Very excellent – bank on it

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Ovest, 572 Barkly Street, Footscray. Phone: 9687 7766

Ovest has been open a while by the time Team CTS visits.

Every time I’ve passed by in recent weeks when the place has been open, it’s been jumping.

So our hopes are high – especially those of my friends, who live just a black away and for whom this shapes as a welcome local of the non-Indian variety.

Our hopes are fulfilled, and in terms of the food well exceeded.

 

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Here’s the bottom line – we have one entree, one side, one pizza, two mains, one dessert, two glasses of wine and a soft drink.

The bill comes to just cents above $40 each.

What an absolute ripping bargain!

We’ve booked at 6pm on a Sunday night – which may have been a mistake as it’s family rush hour, the joint is very noisy and the service is a little scrappy, but not enough to cause any alarm.

When I amble back to my car, post-dinner and after having picked up a wonderful loaf of freshly baked bread from my companions’ place, Ovest is a lot more placid.

The dining room looks a treat and it’s a wonderful thing that this old bank is playing host to such vibrant life.

 

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Coleslaw of cabbage, pear, radish, lemon and parmesan ($12) is a real big serve of yum.

At first, I wish for a little more salt and flavour bite, but by the end I come to love the rather perfumey flavours.

 

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Saganaki kefalograviera, sherry vinegar-soaked currants and pickled onions appears modest of portion but is so rich that three of us are happy.

The cheese has a marvellously toasted and salty crust.

 

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A mushroom pizza with taleggio, caramelised onion and fior de latte ($20) is very, very good, its many fungus chunks having a real meatiness about them.

 

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Tuna nicoise ($26) is a stunner and very generous to boot.

Underneath that handsome slab of fish lie spud discs and heaps of superbly creamy mayo.

My roast of the day (top photo, $25.50) is a simple but good-sized snapper stuffed with lemon.

The fish is lovely but it’s the accompanying salad/salsa that makes this dish sing – the clever addition of pickled chilli discs adds not just random exclamations of heat but also a just-right tartness.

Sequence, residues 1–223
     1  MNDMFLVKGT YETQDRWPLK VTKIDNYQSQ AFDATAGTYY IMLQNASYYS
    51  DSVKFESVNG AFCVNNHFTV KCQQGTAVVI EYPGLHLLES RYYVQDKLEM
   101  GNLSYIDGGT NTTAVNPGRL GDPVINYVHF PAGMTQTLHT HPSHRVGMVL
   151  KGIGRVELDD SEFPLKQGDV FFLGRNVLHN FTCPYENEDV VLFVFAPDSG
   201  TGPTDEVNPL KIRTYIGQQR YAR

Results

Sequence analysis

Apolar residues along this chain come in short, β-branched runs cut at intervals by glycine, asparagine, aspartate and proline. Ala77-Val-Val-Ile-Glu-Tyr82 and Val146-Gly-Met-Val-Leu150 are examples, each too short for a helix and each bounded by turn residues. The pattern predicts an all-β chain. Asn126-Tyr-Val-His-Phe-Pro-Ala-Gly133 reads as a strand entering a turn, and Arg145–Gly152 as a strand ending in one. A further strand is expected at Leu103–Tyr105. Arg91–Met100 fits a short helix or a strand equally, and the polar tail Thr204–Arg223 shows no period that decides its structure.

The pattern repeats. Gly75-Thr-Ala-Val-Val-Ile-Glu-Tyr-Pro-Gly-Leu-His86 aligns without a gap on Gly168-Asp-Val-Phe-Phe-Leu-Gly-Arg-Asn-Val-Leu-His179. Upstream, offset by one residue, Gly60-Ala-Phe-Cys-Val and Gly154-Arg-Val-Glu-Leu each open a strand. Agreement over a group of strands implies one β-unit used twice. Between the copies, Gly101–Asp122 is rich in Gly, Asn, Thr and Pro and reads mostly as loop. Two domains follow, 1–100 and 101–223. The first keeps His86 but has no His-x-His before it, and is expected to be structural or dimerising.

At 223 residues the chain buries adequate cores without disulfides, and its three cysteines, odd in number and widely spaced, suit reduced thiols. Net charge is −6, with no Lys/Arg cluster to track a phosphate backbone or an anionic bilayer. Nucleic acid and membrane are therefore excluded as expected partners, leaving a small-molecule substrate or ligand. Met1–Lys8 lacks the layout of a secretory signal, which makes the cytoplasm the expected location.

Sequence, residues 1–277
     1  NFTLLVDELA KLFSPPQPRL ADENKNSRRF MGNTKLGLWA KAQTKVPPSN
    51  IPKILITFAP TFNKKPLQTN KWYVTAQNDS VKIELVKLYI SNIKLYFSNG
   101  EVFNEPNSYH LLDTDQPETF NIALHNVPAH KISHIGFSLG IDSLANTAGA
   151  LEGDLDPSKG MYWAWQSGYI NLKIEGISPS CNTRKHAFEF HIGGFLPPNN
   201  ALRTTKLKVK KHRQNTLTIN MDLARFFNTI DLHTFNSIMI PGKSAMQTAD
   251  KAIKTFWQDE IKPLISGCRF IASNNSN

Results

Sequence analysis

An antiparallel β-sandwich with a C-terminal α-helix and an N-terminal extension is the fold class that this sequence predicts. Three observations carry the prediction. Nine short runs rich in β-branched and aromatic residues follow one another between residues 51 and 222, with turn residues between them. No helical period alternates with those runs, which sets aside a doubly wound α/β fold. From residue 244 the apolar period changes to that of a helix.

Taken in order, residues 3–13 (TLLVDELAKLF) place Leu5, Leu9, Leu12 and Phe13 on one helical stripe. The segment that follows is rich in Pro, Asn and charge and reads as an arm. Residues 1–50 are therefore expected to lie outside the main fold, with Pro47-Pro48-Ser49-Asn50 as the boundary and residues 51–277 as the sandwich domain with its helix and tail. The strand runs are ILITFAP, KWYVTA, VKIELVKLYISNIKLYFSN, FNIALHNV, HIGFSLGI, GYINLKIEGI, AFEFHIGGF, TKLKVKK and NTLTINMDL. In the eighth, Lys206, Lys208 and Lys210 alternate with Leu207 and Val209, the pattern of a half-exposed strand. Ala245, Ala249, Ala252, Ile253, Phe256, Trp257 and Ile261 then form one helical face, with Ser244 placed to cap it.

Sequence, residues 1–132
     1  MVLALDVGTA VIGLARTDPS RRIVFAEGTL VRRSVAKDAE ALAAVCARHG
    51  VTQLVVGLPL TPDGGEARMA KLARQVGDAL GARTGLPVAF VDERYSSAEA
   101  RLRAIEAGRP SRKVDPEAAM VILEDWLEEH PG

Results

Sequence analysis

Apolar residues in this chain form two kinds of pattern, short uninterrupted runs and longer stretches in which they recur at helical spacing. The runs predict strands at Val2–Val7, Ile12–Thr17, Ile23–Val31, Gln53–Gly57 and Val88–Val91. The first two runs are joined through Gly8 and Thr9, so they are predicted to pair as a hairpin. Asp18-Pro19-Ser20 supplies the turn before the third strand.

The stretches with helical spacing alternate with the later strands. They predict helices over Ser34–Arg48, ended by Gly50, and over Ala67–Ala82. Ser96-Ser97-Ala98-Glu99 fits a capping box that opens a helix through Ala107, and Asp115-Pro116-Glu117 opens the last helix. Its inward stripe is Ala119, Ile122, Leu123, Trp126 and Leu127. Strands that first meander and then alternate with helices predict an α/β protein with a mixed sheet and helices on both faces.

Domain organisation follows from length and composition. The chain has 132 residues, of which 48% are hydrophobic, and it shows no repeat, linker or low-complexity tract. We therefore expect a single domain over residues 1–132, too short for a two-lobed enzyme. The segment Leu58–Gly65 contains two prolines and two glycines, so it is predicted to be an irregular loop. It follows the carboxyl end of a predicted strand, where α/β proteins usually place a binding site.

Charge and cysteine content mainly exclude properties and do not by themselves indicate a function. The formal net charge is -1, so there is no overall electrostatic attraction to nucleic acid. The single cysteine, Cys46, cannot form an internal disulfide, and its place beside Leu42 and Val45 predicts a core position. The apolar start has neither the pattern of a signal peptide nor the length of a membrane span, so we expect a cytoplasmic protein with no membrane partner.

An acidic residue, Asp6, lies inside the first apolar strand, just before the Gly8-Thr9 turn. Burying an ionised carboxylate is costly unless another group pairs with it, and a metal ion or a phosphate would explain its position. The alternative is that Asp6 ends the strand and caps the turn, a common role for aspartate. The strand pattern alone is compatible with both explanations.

The good, hot chips are served in such quantity that there’s more than enough for us all to share – but then, that’s true of everything we’ve enjoyed.

 

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By the time dessert selections are to be made, we’re stuffed.

So to speak.

So two becomes one with three spoons.

Panna cotta of yogurt, vanilla and strawberry jelly ($10) is just the sort creamy dream you’d expect and lasts all of about, oh, five seconds.

The jelly is a delicately-flavoured delight.

My pals are stoked.

So would I be if this “local” had just opened a minute from my front door!

 

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CTS Feast No.11: The Wrap

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Photograph: MARKETA SILHAR

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CTS Feast No.11: Pizza d’Asporto, Rifle Range Shopping Centre, 71 Kororoit Creek Road. Phone: 9397 2033. Sunday, February 15.

Pizza d’Asporto serves simple, wonderfully delicious and fresh Italian food.

It does so in a casual setting with loads of warmth, friendliness and charm.

All those attributes were in abundant evidence when Consider The Sauce and a dozen or so hungry friends descended on Williamstown for the 11th CTS Feast.

 

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There was glorious antipasto, so good I’m sure I wasn’t alone in thinking this was the best you’d find in Melbourne, anywhere at any price.

 

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There were salads such as the insalata di rucola with rocket, pear, parmesan and rustic bread crumbs still just-right crunchy after being imbued with olive oil.

There were two pasta dishes – a fabulous pork-laden ragu and orecchiette with pork sausage and broccolini.

There were family-picked backyard tomatoes.

 

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And there were pizzas – lots of fabulous pizzas.

 

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This was a small gathering by comparison with some of the CTS Feasts of 2014.

All those in attendance had been to one or more previous celebrations – or arrived with someone who had!

 

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The exceptions were my very good pals, fellow blogger Caron and her hubby Gordon – so a big thanks to them for driving all the way from Berwick.

 

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“D’Asporto” means takeaway in Italian, and that indicates just what the original aim of this establishment was – to provide affordable, excellent Italian food for locals.

Then a bench and stools were added for the waiting comfort of customers, then more benches and more stools – and now there are even outdoor tables, at which most Feast attndees got down to their gleeful eating business.

So, you see, in some ways Pizza d’Asporto is not meant to be operating as a bona fide “restaurant” at all – but we’d not change a thing about what Claudio and Antoinetta have going here.

 

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With this story, the more formal, professional aspect of the CTS relationship with Pizza d’Asporto comes to an end – and now we’re very much looking forward to being just another couple of hungry, happy customers dropping in on friends.

Check out the Pizza d’Asporto website here.

Sweet treats courtesy of Pizza d’Asporto’s “sister” business, Impasto Forno Antico in Avondale Heights!

 

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Something groovy for WeFo

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Consider The Sauce may have views on the varying food, service and even the social media hubris of West Footscray’s Indian restaurants, but right from the start we’ve considered them a community asset.

So we were surprised to discover – via a comment on our story about new Indian kid on the block Amrutha – that such a welcoming outlook is by no means universal among West Footscray locals.

Still, as much as we love our Indian tucker, we also dig the heck out of diversity – so we’re delighted to see something very exciting happening in one of the neighbourhood’s landmark buildings.